University of Florida

Observing Sea Turtles

From spring through fall, you may notice sea turtles on the beach. This is the time female sea turtles travel across beaches to lay eggs in the sand (known as nesting). In addition to female sea turtles, you may also see sick, injured, or dead sea turtles anytime of the year. Use the following guidelines if you happen to see these endangered animals:

  • Don’t disturb nesting turtles; Make sure you’re at least 50 feet away from them, stay quiet, and keep lights off, including flashes from cameras.
  • It may look like a nesting sea turtle needs help because it’s moving slowly and pauses often. This is normal behavior, however, so don’t try to help a sea turtle.
  • The guidelines for observing nesting turtles should also be followed when you encounter a hatching nest—stay back, turn off all lights as not to distract the baby sea turtles, and don’t help them navigate (they must learn how to do this on their own).
  • Contact the Florida Fish and Wildlife Conservation Commission (FWC) if you spot a sea turtle that is injured, dead, stranded, or needs assistance.
  • Sick or injured sea turtles may have been washed ashore—you can often tell they are hurt because they likely won’t move far above the tide line. Never touch a sick or injured sea turtle, as handling them could make their injuries worse. Additionally, sea turtles may bite if they’re sick, scared, or harassed.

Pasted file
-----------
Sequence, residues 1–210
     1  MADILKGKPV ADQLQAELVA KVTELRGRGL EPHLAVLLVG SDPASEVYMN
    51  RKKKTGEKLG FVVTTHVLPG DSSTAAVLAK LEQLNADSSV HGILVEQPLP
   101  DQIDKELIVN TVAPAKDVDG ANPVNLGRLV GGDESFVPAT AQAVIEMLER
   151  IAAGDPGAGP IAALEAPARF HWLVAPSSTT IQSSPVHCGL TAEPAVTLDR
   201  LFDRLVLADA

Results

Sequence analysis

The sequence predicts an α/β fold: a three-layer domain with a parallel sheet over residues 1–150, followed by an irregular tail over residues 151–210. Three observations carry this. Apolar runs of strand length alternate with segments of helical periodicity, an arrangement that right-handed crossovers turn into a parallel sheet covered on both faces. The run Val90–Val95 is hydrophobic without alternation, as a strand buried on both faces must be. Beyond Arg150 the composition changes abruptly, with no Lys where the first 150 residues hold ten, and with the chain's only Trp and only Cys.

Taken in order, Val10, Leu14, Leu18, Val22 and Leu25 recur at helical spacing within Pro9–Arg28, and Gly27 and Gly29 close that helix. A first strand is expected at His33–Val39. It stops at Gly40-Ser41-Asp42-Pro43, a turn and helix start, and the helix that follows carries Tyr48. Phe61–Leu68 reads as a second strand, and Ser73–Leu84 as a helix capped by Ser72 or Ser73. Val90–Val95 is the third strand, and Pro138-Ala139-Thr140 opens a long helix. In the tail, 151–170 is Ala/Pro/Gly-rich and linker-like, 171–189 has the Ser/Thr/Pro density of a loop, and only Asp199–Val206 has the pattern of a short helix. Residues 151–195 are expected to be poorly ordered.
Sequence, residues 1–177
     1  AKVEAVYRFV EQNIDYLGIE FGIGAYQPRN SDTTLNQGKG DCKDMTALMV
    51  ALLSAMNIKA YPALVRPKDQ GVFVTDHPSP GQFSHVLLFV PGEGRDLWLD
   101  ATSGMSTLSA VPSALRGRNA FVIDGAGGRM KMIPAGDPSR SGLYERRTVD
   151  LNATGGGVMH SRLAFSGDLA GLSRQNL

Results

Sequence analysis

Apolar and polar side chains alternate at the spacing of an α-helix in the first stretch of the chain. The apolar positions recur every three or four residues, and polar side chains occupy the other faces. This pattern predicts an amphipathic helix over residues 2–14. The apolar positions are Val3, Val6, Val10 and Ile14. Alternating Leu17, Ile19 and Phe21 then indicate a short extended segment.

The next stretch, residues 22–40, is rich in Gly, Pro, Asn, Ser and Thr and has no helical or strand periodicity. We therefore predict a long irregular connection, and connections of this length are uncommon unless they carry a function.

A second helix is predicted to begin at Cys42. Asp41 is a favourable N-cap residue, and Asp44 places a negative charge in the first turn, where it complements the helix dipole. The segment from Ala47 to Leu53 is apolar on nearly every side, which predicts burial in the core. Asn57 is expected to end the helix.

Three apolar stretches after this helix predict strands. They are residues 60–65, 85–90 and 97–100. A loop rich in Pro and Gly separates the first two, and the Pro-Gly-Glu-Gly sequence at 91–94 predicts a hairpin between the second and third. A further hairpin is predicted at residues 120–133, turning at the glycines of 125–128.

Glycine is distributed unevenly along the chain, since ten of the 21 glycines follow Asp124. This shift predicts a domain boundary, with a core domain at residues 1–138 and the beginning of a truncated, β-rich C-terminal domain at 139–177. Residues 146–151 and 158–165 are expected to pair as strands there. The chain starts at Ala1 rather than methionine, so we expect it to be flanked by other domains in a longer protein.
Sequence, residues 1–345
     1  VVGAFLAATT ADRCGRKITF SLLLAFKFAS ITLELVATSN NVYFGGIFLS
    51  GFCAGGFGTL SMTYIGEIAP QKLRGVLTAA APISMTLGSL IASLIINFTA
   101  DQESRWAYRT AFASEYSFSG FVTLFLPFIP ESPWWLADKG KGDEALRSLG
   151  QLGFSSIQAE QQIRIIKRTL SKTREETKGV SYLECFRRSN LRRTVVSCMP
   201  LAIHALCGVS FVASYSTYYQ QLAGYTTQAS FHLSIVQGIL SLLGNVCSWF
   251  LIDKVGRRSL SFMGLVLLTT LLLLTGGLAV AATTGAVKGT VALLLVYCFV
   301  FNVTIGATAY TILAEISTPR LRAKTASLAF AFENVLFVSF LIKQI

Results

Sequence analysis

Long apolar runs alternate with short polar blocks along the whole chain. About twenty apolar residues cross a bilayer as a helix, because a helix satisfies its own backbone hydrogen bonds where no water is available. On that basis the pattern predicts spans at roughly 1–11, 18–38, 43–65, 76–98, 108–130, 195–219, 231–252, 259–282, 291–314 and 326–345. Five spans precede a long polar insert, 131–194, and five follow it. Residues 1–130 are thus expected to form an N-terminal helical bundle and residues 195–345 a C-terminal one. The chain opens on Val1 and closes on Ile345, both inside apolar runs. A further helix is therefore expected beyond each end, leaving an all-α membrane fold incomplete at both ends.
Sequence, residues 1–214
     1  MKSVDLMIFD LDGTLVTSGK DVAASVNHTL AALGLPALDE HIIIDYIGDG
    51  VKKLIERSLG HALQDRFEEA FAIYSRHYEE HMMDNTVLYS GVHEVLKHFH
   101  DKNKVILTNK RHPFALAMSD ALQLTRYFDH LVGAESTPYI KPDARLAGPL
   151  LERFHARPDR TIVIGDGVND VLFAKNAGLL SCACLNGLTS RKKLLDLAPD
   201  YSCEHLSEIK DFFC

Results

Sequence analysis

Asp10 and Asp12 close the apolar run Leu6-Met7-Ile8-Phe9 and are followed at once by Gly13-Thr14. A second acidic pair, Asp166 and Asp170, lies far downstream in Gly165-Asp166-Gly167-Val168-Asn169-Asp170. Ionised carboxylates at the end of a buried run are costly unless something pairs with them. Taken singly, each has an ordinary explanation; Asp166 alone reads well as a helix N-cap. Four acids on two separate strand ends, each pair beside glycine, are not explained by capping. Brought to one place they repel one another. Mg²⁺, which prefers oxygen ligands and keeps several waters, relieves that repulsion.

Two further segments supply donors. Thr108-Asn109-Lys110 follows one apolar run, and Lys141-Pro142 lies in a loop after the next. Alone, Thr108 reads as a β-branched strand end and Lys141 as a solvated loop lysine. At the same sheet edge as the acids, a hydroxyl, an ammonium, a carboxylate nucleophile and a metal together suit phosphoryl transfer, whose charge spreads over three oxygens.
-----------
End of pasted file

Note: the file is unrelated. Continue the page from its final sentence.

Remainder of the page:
• You may see a turtle marked with spray paint, which means the turtle has already been found and reported. There’s no need to contact the FWC.
  • Never take all or parts of sea turtles (dead or alive), as they are a protected, endangered species. Doing so is considered a felony offense.

Protecting sea turtles is important for their survival. If you witness someone disturbing sea turtles or you notice a sick, injured, stranded, or dead sea turtle, then contact the FWC.

Excerpted and adapted from:

L. Nester and W. M. Giuliano, “Sea Turtle Identification and Viewing Guidelines” (WEC209), UF/IFAS Department of Wildlife Ecology and Conservation (rev. 06/2012).

sea turtle

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